The success of pooled funding is clear. Public private mobilization around the GAVI, The Vaccine Alliance which is forged around a single issue of global health has proven to be attractive to private funders and has seen impressive tangible results. Gavi which has an annual income in excess of U$4billion, its Private funding commitments accounted for 21% of Gavi’s funding between 2000 and 2020, and continues to expand with the launch of public-private partnership initiatives, such as the Gavi Matching Fund (see UK Adaption at page 10).

It is worth noting that grouping NGOs in appeals for aid has also proved successful in the UK, where the Disasters Emergency Committee (DEC) initiative brings 13 leading UK based international aid charities together in times of crisis. These member brand logos are used in DEC’s humanitarian appeals which adds considerable strength to their fundraising. These appeals have raised more than £1.1 billion since the DEC’s inception.

Government aid agencies already provide some funding to NGOs. In 2013, USD 19.6 billion of official development assistance (ODA) was allocated to and through CSOs by OECD DAC members compared to USD 18.2 billion in 2009. While the share of bilateral aid allocated to and through NGOs/CSOs differs widely among DAC members, the equivalent of 11.6% of DAC Members’ total gross ODA was channelled to and through CSOs in 2013. That proportion should be increased. We propose that NGOs’ total income should be at least doubled and this could be achieved by putting aside as little as 10% of total aid budgets for matching NGOs directly, as is likely that good enough projects are available to fund. That additional income would much more than compensate for any possible diversion of private donations direct to NGOs as a result of the MM Model.

We would emphasize the importance of voluntary donations, People generally choose to give their money to NGOs because NGOs are able to appeal to their motives. As this is a voluntary donations scheme it therefore makes sense that much of the funds should be delivered through NGOs alongside the Government’s existing channels to address the necessary challenges associated with development.  The RAF’s choices should reflects the donor country’s aid priorities and earmark funding to trustworthy NGOs with a good track record and a clear capacity to deliver  the promised aid. This portfolio would of course include relevant and effective UN agencies.  CIVICUS, an international alliance dedicated to strengthening citizen action and civil society around the world, would be the ideal partner to advance the NGOs’ stake in development.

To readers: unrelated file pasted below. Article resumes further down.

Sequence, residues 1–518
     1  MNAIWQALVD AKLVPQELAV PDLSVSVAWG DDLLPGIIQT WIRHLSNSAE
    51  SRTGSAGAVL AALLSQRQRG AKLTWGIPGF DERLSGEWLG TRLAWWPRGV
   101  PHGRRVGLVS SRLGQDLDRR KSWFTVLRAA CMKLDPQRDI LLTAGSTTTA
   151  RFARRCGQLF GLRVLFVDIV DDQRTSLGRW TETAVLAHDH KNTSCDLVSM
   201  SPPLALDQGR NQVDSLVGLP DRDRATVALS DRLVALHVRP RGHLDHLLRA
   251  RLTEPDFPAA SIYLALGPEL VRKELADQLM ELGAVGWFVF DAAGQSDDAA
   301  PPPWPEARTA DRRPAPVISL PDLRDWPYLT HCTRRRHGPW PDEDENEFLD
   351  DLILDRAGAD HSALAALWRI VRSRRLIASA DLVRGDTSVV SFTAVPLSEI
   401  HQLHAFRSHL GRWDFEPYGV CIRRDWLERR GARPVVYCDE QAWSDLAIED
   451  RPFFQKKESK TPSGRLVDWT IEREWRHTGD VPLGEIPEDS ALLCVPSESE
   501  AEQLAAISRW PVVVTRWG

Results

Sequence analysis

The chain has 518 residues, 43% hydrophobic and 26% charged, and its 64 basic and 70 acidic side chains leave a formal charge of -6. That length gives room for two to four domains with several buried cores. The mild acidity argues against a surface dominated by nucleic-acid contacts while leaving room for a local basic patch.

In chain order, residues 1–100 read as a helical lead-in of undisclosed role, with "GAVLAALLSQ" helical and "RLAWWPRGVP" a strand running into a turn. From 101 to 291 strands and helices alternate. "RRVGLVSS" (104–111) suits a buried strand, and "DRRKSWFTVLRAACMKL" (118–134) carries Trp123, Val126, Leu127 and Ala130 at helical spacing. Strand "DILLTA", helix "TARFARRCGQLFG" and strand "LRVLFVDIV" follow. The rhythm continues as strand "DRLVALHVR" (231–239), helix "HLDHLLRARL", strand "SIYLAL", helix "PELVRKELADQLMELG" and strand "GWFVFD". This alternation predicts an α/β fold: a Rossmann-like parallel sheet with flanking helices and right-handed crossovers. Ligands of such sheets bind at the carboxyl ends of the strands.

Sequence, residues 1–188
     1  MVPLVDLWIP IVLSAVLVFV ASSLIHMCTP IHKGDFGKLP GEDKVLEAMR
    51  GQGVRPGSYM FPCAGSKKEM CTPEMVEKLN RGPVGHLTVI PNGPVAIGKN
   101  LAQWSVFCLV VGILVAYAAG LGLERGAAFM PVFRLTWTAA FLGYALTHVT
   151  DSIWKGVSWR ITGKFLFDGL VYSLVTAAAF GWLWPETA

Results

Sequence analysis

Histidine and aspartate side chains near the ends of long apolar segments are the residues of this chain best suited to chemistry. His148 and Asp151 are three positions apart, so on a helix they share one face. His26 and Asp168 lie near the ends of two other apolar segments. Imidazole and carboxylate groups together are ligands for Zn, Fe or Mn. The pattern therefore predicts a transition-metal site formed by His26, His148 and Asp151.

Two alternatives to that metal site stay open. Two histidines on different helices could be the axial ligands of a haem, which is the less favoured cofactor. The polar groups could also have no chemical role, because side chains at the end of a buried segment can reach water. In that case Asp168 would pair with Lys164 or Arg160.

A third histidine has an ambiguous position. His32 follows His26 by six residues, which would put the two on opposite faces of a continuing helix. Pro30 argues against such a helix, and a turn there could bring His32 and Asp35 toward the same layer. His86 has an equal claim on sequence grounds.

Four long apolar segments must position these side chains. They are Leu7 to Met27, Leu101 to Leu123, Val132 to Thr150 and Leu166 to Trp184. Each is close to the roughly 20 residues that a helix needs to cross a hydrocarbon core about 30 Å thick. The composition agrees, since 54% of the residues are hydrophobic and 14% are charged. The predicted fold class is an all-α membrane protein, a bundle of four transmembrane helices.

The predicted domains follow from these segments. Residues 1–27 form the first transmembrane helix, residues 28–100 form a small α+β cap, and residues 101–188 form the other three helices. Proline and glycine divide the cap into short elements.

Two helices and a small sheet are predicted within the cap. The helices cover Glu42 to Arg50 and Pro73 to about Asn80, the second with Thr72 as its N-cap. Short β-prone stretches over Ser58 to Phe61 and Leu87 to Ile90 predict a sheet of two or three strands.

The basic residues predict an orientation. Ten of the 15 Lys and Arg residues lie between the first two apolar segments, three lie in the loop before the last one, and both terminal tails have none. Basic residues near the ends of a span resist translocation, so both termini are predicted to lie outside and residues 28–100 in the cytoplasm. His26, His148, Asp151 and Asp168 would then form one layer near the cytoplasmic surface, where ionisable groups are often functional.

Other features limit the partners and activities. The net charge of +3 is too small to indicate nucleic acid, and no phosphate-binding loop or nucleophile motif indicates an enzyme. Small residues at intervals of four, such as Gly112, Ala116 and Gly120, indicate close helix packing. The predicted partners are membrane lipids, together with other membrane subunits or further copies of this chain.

A major part of development is achieved by strengthening government systems to ensure that poor people have access to essential services. The State could best provide improved infrastructure: roads, hospitals and clinics, agricultural support services, schools and colleges, water supply and sanitation. It is for the donor Government to determine its bilateral support of transparent recipient Nations. Much of the funding by the RAF should therefore provide for bilateral support of recipient governments in developing economies. However, there are valid concerns with the corruption associated with Bi-lateral aid, this can be minimized by channeling aid directly through the government ministries themselves.

RAF would reflect issues that make up the 17 SDGs such as health, education, gender equality, infrastructure etc and which could also reflect broad geographical and wider delivery interventions. Each implementing government can set out guidelines on how its expenditure, implementation and monitoring should be handled.

With regard to the relationship of RAF with its existing national aid agency expenditures, a notable  characteristic of RAF would be that the entire selection of Funds and its projects that are chosen for funding are those that represent the most visible impact, providing clear and compelling reporting to donors. Such projects are often referred to as ‘tangible’ or ‘identifiable’ and relate to most interventions where there are measurable outcomes; providing a set number of immunizations  or utilities that provide a certain amount of clean water are two clear examples for the sake of illustration here. Other important aspects of development such as, security and the rule of law, protection of property rights, and a social safety net which are longer term or not so predictable can continue to be funded by the National Aid agency, the UK example being DFID. In effect, the existing national aid portfolio would be split in this way to attract substantial and continuous private donations to RAF.

The RAF would have the task of measuring what the spending achieves. Planning and evaluating the programmes necessarily requires many consultants and experts, but it is important that most of the funds are spent on the programmes rather than the advisors. At the same time, we have to recognize that reducing or eliminating corruption in the aid process has a cost attached. Contributing donors can be confident that their giving will be channelled successfully, because the whole distribution process through to assessment of the effectiveness of proposed recipients, and subsequent evaluation of results obtained.

  • Private Sector Office